Monday, July 30, 2012

MARC Records Suck: A Cataloging Rant

I spent much of last Thursday cataloging. It had been a while. Beyond the frustrations of the Voyager integrated library system, which are ever-present, I noticed that the quality of MARC records in OCLC, via Connexion seem to have declined. Drastically. This is problematic. It's bad enough that we send patrons to a depressing, user-unfriendly catalog

Names blacked out to protect the guilty
and now they'll have even less ability to find what they're looking for, unless I do original cataloging. I'm on record as having a background in technical services, and I'm competent enough to have taught other staff how to copy catalog (yes, it's a verb), but for a director with a full-time staff of two, this is frustrating. It's not an effective use of my time. I should be strategic planning, preparing for the future of libraries (links), avoiding the wrath of my peers; developing our woefully outdated print collection; promoting synergy; or any number of things. Instead, I'm dealing with this. Look at it! Worst MARC Record How is anyone supposed to find anything with that? It's barely helpful! Why does OCLC even bother? UPDATE: cataloger extraordinaire B. Campbell has found the correct record, which OCLC's Connexion did not offer us. Link that data, please!

Even more verbose records need work. I bought this book for our nursing program.
MARC Nursing Note the lack of a certain keyword. Note the lack of others. Where's "health," or "medicine!?" I know our users, and how they search. I've got to tag the 500 and 600 fields with keywords to make it easier to find. Note the too-pithy Library of Congress Subject Headings. Really? That's it?!

The main point of cataloging is to make it easy for people to find stuff, even if you'll never meet those people. It's why technical services is sometimes referred to as "the back of the house." Patrons might not see you, but they'll experience your work, for better and for worse. And in the case of MARC records, it's worse. Which means more work for us. RDA, take me away. 

Tuesday, July 3, 2012

New Year, New Library: Making Lemonade

Once again, the power is out, but this time we're not being passive. Last time we lost power for an extended period of time, this happened:
Due to Hurricane Irene, sometime between the close of business on Saturday and our opening on Sunday, the library lost power. Conferring with the powers that be and staff on the ground, we closed the building for Sunday, hoping that we could reopen in time for the start of the workweek and the second week of courses. So we waited. And waited. We were without power for about 80 hours, and this is what happened, and what we learned.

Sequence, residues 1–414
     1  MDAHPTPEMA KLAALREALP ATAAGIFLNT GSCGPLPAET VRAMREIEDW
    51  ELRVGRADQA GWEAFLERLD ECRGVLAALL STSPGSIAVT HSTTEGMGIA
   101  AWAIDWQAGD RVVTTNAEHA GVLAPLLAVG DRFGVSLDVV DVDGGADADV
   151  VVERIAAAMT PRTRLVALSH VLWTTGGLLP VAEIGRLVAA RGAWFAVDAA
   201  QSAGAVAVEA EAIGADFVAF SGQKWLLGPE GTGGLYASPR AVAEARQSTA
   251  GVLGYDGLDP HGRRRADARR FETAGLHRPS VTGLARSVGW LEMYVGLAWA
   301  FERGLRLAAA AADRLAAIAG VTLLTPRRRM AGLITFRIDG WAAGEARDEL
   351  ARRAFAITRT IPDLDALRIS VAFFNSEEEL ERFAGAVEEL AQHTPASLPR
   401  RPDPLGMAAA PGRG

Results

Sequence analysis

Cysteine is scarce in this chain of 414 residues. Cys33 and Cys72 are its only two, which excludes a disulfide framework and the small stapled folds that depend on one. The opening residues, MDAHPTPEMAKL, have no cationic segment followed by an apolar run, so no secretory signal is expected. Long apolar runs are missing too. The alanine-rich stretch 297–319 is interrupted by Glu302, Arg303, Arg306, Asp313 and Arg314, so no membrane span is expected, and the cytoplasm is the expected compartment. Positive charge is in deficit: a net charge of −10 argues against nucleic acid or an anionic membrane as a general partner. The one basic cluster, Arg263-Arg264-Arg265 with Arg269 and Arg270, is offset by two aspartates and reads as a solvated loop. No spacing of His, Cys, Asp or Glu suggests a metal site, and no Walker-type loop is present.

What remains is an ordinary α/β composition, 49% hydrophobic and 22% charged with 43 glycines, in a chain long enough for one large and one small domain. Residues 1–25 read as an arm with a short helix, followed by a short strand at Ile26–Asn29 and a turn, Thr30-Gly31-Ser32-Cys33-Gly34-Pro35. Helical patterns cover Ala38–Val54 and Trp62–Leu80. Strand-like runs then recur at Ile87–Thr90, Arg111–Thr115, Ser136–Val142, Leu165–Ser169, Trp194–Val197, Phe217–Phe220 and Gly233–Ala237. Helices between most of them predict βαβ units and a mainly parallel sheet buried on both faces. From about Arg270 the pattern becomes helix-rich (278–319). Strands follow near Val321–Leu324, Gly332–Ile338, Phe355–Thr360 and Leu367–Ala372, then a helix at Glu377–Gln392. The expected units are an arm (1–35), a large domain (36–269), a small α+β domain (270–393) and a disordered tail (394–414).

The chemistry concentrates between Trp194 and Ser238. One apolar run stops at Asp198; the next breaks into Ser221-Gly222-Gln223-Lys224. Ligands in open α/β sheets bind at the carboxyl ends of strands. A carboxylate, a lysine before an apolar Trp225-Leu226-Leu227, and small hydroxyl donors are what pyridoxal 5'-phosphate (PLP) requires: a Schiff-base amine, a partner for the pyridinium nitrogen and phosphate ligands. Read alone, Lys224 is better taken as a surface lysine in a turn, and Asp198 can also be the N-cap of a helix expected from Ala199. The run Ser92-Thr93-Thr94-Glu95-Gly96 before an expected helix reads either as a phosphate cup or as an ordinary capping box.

On Monday library staff were relocated to a basement classroom in another building. It seemed that nobody missed us. We had a few e-mails, but no walk-ins, nobody asking about reserve books, even. It looked like a failure; a library goes dark and nobody notices. 
We've learned from that experience. I have a laptop, a smartphone, and some swag (thanks, vendors!), and I'm walking around campus offering research assistance to all who ask for it. I'm also showing initiative by asking. One lucky patron will win $25 to our campus bookstore. I'll be in both the dining hall and the on-campus deli at times, and if you can stump me, think of it as "Ask Me Anything," you might get another $25 to the bookstore. Picture an itinerant, wandering librarian, traveling around campus, solving problems, like a geeky David Carradine. 

The email that went out emphasizes that the building itself is only part of the story:
"As we continue to weather the after-effects of the storm, particularly in the lack of access to our physical library, we want to be sure you know that many of our library’s resources can be accessed online.
The library website continues to function normally: link.  As always, databases can be accessed electronically and remotely from the landing page of this website. Additionally, e-journals, e-books, and other virtual references can be found on this site.
Should you have questions for a librarian, please email our Library Director, Jacob Berg, at link, for virtual reference help.
To help provide you access to computers, we have opened up several computer labs in Main as well for your computing needs today: Main 238, Main 242, and Main B-9 are all air-conditioned and will be open for student use until classes start at 4pm.  The computer lab and lounge in the basement of Main continue to remain open and available for use per their regular schedule.
You will receive a separate message shortly regarding how to access Academic Services, Disability Services, the Writing Center, and Career Services.
Thank you for your patience as we negotiate the effects of this weekend’s storm.  We remain grateful for everyone’s good spirits. 
Jacob Berg, Library Director and ___________, Provost"
However, with few people on campus until about 4pm, the reality is more like this:
Random thoughts: 
  • Some public libraries are getting creative as well.  
  • It would be nice if there were integrated library systems apps for tablets, because laptops are heavy and it's hot outside. This situation makes Web Scale look even better.
  • It feels much better to do this than to sit in a room (or building) and wait for patrons. We're going to do this more often.